Iraqi Women Face Increased Human Rights Violations in Post-Invasion Iraq
Iraqi women's rights are eroding instead of improving in post-invasion Iraq. Women's rights have had a prominent place in the Bush administration's democracy rhetoric, but in reality women and children have faced increased hardship since the invasion.
The weekly news blog Alive in Baghdad stated on Monday, "As the ongoing insecurity and instability in Iraq enters its sixth year, the situation of women sees few signs of improving."
Alternet reports that Iraq's poverty, malnutrition, lack of health services, and a crumbling infrastructure have hit women the hardest. Seventy percent of the internally displaced persons (IDPs), or refugees, are women and children. Political violence by religious extremists has also been committed against women as more rigid dress codes are being enforced. Kiani was still stoned to death on July 5, 2007. Ebrahimi's death was stayed due to the public outcry, and last week the Iranian judiciary amnesty commission released her from prison. funny picturesfunny imagesfunny photosfunny animal picturesfunny dog picturesfunny cat picturesfunny gifs
CNN reports that, after having decreased last summer, civilian deaths in Iraq skyrocketed in March to 923 civilians. According to UNICEF, the United Nations' children�s agency, modern war disproportionately affects women and children. There are more civilian casualties as a result of war today. The Iraq Body Count estimates that between 82, 625 and 90,149 civilians have been killed in Iraq since the invasion. Twenty percent of those deaths are women and children.
Media Resources: Alternet 03/31/08; Alive in Baghdad 03/31/08; UNICEF; Iraq Body Count 04/01/08; CNN 04/01/08
8/28/2015 Alaska Court Protects Abortion Access for Low-Income Women - The Alaska Superior Court struck down a state law yesterday that would have severely limited abortion access for low-income women in Alaska.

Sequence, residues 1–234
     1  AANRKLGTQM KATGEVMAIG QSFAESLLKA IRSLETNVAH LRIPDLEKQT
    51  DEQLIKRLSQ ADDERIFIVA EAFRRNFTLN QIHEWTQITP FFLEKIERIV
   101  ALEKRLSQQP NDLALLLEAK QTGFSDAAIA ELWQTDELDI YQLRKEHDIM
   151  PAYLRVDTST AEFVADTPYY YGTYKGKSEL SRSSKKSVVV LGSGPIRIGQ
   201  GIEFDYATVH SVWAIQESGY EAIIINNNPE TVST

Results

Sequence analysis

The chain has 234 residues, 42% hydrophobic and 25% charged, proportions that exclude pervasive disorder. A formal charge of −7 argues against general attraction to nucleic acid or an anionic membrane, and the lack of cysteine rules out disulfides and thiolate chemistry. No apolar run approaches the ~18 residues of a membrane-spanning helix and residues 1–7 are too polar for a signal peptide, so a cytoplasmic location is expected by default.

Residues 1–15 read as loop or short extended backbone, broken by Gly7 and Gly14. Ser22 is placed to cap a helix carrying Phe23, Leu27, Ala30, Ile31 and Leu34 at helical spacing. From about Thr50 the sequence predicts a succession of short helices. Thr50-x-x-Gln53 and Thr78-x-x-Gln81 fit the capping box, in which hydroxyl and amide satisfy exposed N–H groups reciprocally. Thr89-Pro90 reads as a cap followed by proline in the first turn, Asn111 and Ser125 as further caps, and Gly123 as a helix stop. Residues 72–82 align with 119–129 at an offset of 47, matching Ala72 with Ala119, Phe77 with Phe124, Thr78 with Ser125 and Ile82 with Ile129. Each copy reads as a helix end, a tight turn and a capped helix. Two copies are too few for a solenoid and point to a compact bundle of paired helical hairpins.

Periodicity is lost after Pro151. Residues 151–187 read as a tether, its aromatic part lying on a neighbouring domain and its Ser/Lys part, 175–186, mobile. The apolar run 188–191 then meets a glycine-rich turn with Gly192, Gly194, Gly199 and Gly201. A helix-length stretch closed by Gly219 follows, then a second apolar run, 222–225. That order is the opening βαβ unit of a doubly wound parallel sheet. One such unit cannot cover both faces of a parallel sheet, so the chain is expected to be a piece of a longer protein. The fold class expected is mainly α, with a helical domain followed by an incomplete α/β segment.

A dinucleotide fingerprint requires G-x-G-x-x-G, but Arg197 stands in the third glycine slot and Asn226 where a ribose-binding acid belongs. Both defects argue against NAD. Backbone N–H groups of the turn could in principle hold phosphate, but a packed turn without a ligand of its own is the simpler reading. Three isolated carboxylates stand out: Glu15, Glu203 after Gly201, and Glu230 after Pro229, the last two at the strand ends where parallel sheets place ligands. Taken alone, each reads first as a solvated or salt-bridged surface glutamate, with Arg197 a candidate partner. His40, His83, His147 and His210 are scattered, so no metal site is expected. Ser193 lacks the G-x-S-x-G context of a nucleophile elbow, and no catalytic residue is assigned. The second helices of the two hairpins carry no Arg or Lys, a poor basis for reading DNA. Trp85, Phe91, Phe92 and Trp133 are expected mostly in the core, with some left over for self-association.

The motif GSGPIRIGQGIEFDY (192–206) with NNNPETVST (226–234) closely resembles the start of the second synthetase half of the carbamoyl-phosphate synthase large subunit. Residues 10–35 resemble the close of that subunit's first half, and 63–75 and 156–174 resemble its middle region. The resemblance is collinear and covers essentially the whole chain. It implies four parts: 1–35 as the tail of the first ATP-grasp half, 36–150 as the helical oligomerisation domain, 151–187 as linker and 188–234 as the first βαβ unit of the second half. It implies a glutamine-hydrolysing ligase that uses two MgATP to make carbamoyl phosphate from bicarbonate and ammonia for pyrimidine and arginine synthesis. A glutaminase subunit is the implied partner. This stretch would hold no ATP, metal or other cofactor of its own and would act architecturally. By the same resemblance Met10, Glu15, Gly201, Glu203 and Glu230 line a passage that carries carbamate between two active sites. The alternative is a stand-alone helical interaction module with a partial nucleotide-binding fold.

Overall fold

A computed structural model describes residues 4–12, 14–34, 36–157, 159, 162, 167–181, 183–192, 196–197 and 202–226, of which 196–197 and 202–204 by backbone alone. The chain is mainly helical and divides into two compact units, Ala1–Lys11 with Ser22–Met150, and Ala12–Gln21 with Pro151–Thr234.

The state's Superior Court also struck down a Department of Health and Social Services regulation that placed narrow specifications on Medicaid coverage for abortions, requiring that Medicaid-funded abortions be determined by a physician to be "medically necessary." Last year, the Center for Reproductive Rights, the American Civil Liberties Union, and Planned Parenthood sued on behalf of the Planned Parenthood of the Great Northwest, claiming that the narrow definition of "medically necessary" arbitrarily established conditions designed to restrict the ability of low-income women to access abortion services.
The law was temporarily blocked last July by an Alaskan state court judge.
Superior Court Judge John Suddock ordered yesterday that the state be blocked from implementing this regulation, ruling that it placed an undue burden on low-income women seeking abortion services in Alaska.
"By providing health care to all poor Alaskans except women who need abortions, the challenged regulation violates the state constitutional guarantee of 'equal rights, opportunities, and protection under the law'," the ruling read.
"We applaud the superior court for striing down these cruel restrictions on women's health and rights that violate the Alaska Constitution," said Chris Charbonneau, CEO of Planned Parenthood of the Great Northwest and the Hawaiian Islands. . . .
8/26/2015 Saudi Women Prepare to Vote for the First Time - The fight for gender equality is making slow but notable progress in Saudi Arabia, where women will be allowed to vote for the first time in upcoming December elections.
This shift in Saudi law came in 2011, when a royal decree announced that women would be allowed to vote and run in local elections beginning in December of 2015. . . .